Ballooning federal deficits threaten all social spending in this country, but in kind programs for vulnerable women and children may be most at risk. In 2002, only 5 million people received cash welfare under TANF, while more than 30 million people participated in other safety net programs. The attack on the federal safety net has several prongs including allegations that programs “don’t work,” that programs are riddled with fraud, waste, and abuse, and that poverty alleviation is best left to state and local government.This article assesses these arguments, and argues that each is mostly myth.This contribution may be interesting to weblog readers for several reasons. First, we have been following Currie's related work on WIC in earlier posts. Second, the journal's publisher, bepress, has a novel business model which holds hope for reducing the power of academic publishing oligopolies and lowering the price of information. Third, one of the co-editors, Brad DeLong is one of this weblog's favorite weblogging economists. See, for example, his recent coverage of the social security debate.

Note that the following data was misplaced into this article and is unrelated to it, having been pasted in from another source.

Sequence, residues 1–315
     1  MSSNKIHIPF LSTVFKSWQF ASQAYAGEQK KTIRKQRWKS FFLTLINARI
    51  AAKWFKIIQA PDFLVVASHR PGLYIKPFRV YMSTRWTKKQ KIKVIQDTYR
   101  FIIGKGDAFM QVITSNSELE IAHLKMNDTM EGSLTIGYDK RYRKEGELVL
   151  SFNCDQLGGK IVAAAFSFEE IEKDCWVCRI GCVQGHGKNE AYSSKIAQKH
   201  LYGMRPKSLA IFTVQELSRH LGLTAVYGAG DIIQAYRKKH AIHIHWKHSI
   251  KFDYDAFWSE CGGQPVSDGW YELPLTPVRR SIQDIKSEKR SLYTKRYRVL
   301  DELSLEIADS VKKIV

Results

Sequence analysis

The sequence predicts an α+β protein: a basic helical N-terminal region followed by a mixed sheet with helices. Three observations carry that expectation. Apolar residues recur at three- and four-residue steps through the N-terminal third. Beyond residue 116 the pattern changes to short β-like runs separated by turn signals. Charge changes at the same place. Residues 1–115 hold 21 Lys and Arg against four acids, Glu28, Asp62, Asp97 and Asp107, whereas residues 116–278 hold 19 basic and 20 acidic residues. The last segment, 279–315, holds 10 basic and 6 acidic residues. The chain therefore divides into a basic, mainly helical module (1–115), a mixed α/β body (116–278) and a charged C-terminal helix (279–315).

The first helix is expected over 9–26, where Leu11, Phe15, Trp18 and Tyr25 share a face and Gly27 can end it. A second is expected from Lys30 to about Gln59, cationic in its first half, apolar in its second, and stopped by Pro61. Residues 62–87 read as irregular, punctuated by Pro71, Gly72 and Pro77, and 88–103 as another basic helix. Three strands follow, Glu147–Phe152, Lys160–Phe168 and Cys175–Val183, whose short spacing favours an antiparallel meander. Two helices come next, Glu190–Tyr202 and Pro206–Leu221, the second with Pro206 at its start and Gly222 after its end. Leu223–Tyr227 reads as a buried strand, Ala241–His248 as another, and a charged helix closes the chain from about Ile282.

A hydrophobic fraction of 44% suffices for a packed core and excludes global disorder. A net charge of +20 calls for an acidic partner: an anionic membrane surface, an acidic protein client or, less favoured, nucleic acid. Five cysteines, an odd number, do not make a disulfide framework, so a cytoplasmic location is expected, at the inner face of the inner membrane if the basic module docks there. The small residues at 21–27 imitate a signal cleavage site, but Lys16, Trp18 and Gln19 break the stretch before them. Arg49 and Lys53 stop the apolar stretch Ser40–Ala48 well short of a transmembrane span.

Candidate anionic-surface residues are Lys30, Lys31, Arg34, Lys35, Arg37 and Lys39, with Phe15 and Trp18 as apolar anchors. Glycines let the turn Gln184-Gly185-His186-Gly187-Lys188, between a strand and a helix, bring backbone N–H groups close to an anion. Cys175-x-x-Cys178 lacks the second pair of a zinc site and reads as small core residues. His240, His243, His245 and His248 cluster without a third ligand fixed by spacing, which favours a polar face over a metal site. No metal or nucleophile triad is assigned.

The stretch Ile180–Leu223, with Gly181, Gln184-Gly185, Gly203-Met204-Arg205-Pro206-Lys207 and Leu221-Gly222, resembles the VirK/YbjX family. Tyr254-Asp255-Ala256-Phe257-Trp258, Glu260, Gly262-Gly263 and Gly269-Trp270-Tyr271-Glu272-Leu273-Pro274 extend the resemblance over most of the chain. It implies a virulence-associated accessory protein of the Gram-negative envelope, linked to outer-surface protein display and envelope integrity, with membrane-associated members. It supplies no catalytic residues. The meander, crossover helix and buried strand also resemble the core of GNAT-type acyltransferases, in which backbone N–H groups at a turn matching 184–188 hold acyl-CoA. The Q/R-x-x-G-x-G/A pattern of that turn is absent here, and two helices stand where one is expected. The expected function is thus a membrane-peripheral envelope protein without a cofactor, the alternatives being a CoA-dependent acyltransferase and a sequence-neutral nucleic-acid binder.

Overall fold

Saturday, February 12, 2005
Janet Currie on threats to in-kind programs
UCLA economist Janet Currie writes about threats to food stamps and other in-kind transfer programs in the new journal, The Economist's Voice:
Posted 10:22 PM